It’s out and I can’t take it back.
I sent out my letter requesting infertility coverage. I emailed our HR department, submitted an electronic request and put it out there.
I feel hopeful that it might get added. I feel glad to not keep it secret. But I am terrified that everyone at my work will know. I can’t hide. People might have questions and opinions, suggestions and unwanted “advice.” Some people won’t care. Some will. Others will share their struggle with me. Others will stop hiding too.
What is courage? I am not sure, but I need it now.
Here is a copy of my letter without my employer’s name:
June 17, 2015
Dear Medical Benefits Review Committee,
I would appreciate very much if you will consider infertility treatment coverage for possible inclusion for 2015. This issue is very personal to me. I was diagnosed with infertility and being very early in my career it is difficult for me to finance the treatment recommended for my diagnosis.
As a newer associate, I rejoiced in that fact that <employer> was well-known for being family-friendly. While adoption information is readily available, I was quite discouraged to learn infertility treatments were not covered by the health insurance. <employer> already offers health insurance plans that cover other aspects of family planning, such as treatment of adult sterilization, infertility corrective surgery and diagnosis, and birth control options including IUDs and diaphragms. Adding infertility treatment coverage to our policy is actually likely to result in reduced costs for <employer> and more successful outcomes for associates diagnosed with infertility.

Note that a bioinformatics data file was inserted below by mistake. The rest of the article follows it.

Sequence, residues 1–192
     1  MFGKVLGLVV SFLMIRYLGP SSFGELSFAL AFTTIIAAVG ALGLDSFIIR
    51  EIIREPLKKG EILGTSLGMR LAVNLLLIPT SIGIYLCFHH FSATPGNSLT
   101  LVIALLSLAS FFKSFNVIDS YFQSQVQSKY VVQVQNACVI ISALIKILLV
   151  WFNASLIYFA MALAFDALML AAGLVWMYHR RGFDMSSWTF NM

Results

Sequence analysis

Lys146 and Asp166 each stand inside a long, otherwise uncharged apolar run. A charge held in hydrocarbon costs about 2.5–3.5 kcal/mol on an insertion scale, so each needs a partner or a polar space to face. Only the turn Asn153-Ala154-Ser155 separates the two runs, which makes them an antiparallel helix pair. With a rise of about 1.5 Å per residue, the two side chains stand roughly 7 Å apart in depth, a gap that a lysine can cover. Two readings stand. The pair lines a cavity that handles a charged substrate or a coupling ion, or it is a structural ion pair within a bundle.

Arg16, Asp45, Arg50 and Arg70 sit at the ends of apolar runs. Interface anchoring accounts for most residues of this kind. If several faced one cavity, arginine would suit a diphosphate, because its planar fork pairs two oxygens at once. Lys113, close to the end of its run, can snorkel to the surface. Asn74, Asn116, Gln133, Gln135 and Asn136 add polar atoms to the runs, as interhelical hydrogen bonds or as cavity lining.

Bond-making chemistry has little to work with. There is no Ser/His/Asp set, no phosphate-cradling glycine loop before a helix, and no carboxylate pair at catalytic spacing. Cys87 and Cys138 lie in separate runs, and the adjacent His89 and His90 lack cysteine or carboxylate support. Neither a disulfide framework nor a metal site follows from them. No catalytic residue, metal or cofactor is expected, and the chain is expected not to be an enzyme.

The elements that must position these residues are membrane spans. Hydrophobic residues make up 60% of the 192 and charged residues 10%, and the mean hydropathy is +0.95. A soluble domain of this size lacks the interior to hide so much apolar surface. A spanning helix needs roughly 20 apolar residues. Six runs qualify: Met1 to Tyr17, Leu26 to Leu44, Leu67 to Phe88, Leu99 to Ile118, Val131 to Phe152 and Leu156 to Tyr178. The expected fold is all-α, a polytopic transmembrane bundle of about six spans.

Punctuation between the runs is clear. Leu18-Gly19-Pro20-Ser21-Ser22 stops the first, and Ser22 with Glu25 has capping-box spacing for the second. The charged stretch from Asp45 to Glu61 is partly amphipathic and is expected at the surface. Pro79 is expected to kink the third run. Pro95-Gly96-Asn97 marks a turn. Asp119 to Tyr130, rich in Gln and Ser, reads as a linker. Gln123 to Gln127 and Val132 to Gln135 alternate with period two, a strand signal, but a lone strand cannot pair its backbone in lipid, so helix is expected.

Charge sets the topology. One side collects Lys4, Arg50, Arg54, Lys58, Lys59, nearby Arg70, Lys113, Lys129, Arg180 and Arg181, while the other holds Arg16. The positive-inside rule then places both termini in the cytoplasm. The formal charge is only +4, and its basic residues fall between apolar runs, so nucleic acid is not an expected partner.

Imagine sitting in your cubicle working the day away when someone on your team announces excitedly that they are having a baby. The team gushes and asks questions about due date and the baby’s sex. Now imagine that you cannot have children without treatment. There is an empty ache in your heart where the love for your future child waits. You haven’t seen the joy on your child’s face on Christmas morning. You avoid all social media and phone calls on another empty and hopeless Mother’s or Father’s Day. You feel the rush of emotions from knowing that it will take thousands of dollars to even try and grow your family. Maybe you have even been pregnant but miscarried. Maybe your partner is fine and you feel the guilt of being unable to do what you feel you should. Each smile and each question rings in your ears until you have to get up and walk away from your desk just so that you can breathe. This is how painful it can be to be infertile.
As much as this is a personal issue for me, it is advantageous for <employer> to help their associates reach their personal goals so that they will be more productive at work. I have met one other associate here at <employer> who financed his/her own infertility treatments. There are likely others at our large company who quietly struggle with their very private infertility diagnosis, as one in eight couples in the US will not conceive after a year of trying (http://www.resolve.org/about/fast-facts-about-fertility.html). If we consider that <employer> employs approximately ##,### people that means we can estimate that #,### associates struggle with infertility. It is not just associates with infertility that could benefit from the coverage; for same-sex couples there are only two routes to grow their family: treatments such as IUI or IVF (which are necessary for infertile patients) or fostering/adoption.